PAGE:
Inflammatory Diseases of the Skin
Moderator: Dr. Lorenzo Cerroni
Case 12 -
Inflammatory Morphea Profunda
Carlo Tomasini, MD
A 56–year-old woman was admitted to our department with a six-month history of multiple
erythemato-violaceous and brownish plaques symmetrically distributed on the upper and lower extremities,
and on the trunk. The skin appeared appeared atrophic and there was a remarkable induration of the
All laboratory investigations including serology for Borrelia Burgdorfery, ANA and ENA, were within
normal range. No peripheral eosinophilia was present. Chest X-ray demonstrated a moderate lung
fibrosis, confirmed by CT scan. Involvement of other internal organs was excluded.
A deep incisional biopsy including the subcutaneous fat was performed on a lesion of the thigh.
Case 12 - Slide 1
Histopathology showed marked thickening of the septa of the subcutaneous fat with deposits of mucin in
the deep portion of the dermis with a slight superficial and deep perivascular infiltrate of
lymphocytes. The epidermis was unaffected. The changes in the hypodermis were characterized by
thickened, edematous and fibrotic septa and a moderately dense inflammatory infiltrate consisting mainly
of neutrophils with variable amounts of eosinophils, lymphocytes, and plasmacells. Mucin deposits were
also copiuos. Small nodular aggregates of lymphocytes resembling lymphoid follicles were also seen at
the periphery of the fat lobules. The lining of the vessels was focally thickened with plump endothelial
cells. No fibrin in the vessel walls or thrombi were seen. Direct immunofluorescence was negative for
Ig deposits at the dermo-epidermal junction or within vessels.
The diagnosis of inflammatory morphea profunda was made on the basis of clinical and histopathologic
findings and the patient was treated with prednisolone at 1mg/kg/die with a subjective improvement of
symptoms and a partial disappearing of cutaneous lesions after two months' therapy with progressive
tapering of the steroid.
The term "scleroderma" is applied to a spectrum of disorders characterized by thickening of the skin
and/or subcutaneous tissues . Two different clinico-laboratoristic subsets can usually be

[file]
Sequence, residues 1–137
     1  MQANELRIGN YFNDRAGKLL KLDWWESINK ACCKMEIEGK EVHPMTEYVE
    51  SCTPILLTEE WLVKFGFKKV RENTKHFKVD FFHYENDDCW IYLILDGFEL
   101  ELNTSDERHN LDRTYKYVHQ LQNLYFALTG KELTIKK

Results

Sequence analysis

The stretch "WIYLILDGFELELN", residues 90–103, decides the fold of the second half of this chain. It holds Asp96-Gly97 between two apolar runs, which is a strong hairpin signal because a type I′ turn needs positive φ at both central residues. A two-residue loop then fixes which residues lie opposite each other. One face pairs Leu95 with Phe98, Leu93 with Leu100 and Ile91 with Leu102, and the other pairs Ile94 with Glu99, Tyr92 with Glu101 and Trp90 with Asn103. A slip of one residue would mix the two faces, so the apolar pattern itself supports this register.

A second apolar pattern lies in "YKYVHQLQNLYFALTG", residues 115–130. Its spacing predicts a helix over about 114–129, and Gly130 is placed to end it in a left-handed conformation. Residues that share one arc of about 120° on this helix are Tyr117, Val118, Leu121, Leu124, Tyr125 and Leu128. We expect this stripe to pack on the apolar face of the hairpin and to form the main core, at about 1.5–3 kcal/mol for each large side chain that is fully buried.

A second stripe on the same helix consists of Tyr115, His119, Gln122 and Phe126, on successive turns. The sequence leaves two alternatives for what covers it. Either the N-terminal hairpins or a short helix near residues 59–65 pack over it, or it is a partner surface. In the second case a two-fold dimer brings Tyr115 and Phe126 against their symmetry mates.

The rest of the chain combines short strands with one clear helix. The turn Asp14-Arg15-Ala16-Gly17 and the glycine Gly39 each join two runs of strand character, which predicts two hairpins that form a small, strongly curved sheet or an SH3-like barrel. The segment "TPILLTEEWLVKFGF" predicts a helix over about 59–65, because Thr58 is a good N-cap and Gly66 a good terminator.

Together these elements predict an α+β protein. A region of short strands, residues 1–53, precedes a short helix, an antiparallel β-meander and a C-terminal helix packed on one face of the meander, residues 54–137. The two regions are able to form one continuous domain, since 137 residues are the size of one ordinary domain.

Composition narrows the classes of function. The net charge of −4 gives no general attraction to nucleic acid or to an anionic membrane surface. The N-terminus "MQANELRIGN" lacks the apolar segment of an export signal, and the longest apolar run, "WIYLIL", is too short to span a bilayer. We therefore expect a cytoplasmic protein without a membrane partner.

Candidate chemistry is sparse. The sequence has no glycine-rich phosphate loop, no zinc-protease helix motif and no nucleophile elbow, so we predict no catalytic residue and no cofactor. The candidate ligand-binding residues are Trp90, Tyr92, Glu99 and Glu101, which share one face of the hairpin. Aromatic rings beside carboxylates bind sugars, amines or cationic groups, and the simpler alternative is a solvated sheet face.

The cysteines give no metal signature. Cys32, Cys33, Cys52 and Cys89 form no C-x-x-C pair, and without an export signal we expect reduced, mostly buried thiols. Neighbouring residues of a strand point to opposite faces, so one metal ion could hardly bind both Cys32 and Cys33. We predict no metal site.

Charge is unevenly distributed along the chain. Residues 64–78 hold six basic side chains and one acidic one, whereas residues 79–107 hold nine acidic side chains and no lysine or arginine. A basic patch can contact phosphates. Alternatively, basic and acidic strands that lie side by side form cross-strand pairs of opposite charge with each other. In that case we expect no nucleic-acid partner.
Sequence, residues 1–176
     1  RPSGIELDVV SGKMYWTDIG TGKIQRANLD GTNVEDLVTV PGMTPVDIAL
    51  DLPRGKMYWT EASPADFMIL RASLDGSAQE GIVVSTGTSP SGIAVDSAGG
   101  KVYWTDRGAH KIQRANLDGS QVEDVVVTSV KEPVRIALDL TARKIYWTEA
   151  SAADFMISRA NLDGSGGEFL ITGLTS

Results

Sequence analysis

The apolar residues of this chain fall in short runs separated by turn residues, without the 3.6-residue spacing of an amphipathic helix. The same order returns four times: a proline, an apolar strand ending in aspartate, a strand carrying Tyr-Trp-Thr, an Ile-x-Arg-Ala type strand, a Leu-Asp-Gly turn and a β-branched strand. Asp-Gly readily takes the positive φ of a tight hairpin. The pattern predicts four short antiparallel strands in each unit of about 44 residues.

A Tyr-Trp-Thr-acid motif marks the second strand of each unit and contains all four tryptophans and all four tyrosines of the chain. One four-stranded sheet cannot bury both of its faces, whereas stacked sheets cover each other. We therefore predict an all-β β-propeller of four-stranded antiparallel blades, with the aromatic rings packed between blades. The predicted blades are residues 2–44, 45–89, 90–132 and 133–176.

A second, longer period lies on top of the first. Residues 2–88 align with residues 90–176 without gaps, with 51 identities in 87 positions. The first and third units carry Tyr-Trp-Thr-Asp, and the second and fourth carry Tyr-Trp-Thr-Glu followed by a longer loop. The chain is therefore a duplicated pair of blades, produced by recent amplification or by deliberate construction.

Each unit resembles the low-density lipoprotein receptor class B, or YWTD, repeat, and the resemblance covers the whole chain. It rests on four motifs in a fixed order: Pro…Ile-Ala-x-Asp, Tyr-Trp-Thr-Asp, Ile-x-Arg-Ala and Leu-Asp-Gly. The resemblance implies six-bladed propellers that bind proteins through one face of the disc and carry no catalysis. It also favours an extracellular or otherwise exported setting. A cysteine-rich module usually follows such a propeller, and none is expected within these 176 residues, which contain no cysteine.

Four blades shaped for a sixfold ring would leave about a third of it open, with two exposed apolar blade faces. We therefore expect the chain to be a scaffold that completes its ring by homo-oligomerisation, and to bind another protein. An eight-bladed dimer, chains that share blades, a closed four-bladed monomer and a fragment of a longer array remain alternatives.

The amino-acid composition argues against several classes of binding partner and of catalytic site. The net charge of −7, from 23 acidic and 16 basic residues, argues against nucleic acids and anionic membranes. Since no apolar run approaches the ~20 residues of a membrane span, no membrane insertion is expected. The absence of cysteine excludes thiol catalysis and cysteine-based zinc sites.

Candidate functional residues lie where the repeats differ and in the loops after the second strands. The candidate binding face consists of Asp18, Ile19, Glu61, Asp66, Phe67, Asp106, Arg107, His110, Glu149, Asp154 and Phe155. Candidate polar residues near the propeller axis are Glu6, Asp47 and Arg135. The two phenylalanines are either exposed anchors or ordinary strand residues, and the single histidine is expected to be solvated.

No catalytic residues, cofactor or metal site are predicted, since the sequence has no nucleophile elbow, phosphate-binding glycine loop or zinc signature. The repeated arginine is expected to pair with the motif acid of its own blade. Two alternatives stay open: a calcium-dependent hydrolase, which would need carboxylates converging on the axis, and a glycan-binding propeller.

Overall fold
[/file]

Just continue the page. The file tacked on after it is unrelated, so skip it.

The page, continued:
identified: systemic scleroderma, in which vesceral involvement is present, and localized scleroderma,
or morphea, in which the lesions are limited to the skin. Transition from morphea to systemic
sclerodermia may occur. According with a recent classification, morphea may appear in 5 main forms :
plaque, generalized, bullous, linear and deep, or subcutaneous . All the
subtypes of morphea have a common histopathologic denominator, i.e, the sclerosis of the connective
tissue, in company with a variable inflammatory infiltrate.
The cause and pathogenesis of morphea are unknown. Some cases are claimed to be a consequence of
infection by Borrelia burgdorferi, but that has yet to be proven.
In morphea profunda, patients have multiple lesions on the upper and lower extremities, rarely on the
torso. A deep, bound-down induration of the skin is most characteristic, with often a cobblestone or
dimpling appearance of the overlying skin surface. The induration may cause a decreased range of motion
and, in severe cases, joint contractures. Occasionally, systemic involvement is present with mild
pulmonary and esophageal impairment.
Histopathologically, morphea profunda is fundamentally a septal panniculitis characterized by
variable thickening and hyalinization of collagen bundles in the deep dermis, the subcutaneous septa,
and sometimes fascia. A moderate to marked lymphocyte-predominant infiltrate is present interstitially
and around small vessels in the panniculus. Aggregates of lymphocytes and plasmacells are also seen at
the periphery of the lobules. In the early, evolving or acute inflammatory stages of morphea, septa
are widened by copious amounts of mucin with subtle, if any, thickening in bundles of collagen, and
eosinophils and neutrophils may predominate overwhelmingly within the inflammatory infiltate. In foci,
however, crowded, thickened collagen bundles are detectable  .
In the case described herein the presence of copious amounts of mucin throughout the deep dermis and
subcutaneous septa and nodular aggregates of lymphocytes at the periphery of the fat lobules could
evocate a diagnosis of lupus profundus. This
condition may present alone or in association with other clinico-pathologic expressions of lupus
erythematosus. Histopathologically, in lupus profundus inflammatory changes involve mainly the lobules
(lobular panniculitis), with a prominent lymphocytic infiltrate sometimes forming lymphoid follicles in
concert with plasma cells e mucin deposits. In time, hyaline sclerosis may replace necrotic lobules and
extend into the septa.
- Doyle JA, Connolly SM, Winkelmann RK. Cutaneous and subcutaneous inflammatory sclerosis syndrome. Arch Dermatol 1982; 118: 886-90
- Peterson LS, Nelson AM, Su WPD. Classification of morphea (linear scleroderma). Mayo Clin Proc 1995; 70: 1068-76.
- Su WPD, Person JR. Morphea profunda. A new concept and a histopathologic study of 23 cases. Am J Dermatopathol 1981; 3: 251-60.